I am in the fortunate position with my business that I no longer really need new clients.
I have enough existing client relationships now to keep me busy, while still allowing me time to do things outside the business and spend the time I want with my family.
That old cliche ‘work/life balance’ comes to mind.
I am sure many of you are in the same or similar position as well, particularly if you have been in business a few years and provide excellent service to your clients.
When I first started my business I moved from another role so some clients came over with me; that was a lifeline in the first year of the company.
They did not come just for the sake of it, though; they became clients of my new business because I had looked after them and provided them with good service and sound advice for years previously.
I still needed new clients of course, so I did all sorts: advertising, writing a column in a business magazine, getting a website and using adviser search websites.
The best thing I did though was business networking: getting out there, talking to people, showing them what I did and how I did it.
Then a couple of them became clients and they started telling everyone what a good service I provided, and how I had helped them.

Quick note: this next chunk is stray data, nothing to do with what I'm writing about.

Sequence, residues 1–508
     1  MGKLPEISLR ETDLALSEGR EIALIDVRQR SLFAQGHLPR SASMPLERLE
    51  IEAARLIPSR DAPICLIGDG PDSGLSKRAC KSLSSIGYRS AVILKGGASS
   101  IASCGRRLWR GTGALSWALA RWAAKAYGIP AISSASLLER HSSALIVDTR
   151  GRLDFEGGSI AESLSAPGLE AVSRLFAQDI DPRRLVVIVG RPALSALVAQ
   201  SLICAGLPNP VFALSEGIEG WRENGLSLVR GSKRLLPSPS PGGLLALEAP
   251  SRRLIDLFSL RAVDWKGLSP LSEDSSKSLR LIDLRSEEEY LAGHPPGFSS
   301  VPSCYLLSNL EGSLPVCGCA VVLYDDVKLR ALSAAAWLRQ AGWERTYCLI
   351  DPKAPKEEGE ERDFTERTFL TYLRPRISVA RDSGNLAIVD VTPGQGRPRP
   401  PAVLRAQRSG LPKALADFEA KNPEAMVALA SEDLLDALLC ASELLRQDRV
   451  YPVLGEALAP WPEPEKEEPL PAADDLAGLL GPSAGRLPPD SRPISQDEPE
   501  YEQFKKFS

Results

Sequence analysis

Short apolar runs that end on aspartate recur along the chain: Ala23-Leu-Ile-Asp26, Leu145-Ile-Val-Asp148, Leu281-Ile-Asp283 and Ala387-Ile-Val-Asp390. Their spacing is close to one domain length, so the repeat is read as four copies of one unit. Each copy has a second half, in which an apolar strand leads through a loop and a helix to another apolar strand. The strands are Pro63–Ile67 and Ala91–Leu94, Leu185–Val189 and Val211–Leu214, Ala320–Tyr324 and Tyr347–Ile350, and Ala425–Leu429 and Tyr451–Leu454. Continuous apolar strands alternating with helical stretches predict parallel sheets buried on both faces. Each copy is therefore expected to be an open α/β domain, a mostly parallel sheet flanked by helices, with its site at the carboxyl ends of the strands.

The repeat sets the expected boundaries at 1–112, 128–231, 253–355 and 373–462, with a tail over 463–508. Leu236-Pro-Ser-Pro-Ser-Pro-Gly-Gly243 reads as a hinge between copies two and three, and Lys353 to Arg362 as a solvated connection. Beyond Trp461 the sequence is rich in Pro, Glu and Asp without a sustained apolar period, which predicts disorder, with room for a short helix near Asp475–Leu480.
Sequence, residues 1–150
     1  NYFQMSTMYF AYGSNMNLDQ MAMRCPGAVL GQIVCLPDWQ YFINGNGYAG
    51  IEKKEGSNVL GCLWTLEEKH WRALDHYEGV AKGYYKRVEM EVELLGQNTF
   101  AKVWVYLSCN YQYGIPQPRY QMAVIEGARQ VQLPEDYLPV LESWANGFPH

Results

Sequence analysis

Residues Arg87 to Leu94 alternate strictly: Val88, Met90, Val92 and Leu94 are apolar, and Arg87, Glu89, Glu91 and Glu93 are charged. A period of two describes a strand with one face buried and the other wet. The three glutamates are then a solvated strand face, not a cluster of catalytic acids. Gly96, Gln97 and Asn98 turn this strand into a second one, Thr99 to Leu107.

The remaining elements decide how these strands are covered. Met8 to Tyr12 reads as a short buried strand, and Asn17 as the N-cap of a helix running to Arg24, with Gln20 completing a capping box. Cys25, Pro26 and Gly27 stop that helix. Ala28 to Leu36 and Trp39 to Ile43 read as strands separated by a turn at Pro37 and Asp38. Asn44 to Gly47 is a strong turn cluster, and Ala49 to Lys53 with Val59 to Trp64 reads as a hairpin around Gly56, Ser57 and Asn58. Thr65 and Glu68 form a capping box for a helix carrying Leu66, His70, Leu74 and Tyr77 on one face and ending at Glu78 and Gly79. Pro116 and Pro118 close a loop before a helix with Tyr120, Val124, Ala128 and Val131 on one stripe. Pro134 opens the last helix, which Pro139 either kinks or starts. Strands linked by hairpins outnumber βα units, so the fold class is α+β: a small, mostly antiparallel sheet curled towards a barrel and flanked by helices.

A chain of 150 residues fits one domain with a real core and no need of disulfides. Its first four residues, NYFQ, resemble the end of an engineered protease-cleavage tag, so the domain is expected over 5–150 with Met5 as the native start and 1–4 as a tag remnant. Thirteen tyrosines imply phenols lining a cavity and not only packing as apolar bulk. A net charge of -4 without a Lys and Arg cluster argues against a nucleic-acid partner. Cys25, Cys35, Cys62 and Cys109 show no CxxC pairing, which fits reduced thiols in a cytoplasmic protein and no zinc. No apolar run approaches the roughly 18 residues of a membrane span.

I also made a few professional connections and through conversations with them I demonstrated the value I could add to their client relationships; now they refer clients as well.
I am sure many of us think about the service we provide to our clients: are we doing enough? Are we missing things we could do, or should do, better?
Ultimately the best judges of what you do, though, are your clients. If they areloyal and you do not lose many clients, then good,well done.
If you never get questions about the fees you charge for the service you deliver, even better.
If your clients are happy to refer their family, friends and work colleagues to you when they need advice, then you have really cracked it.
Darren Cooke is a chartered financial planner at Red Circle Financial Planning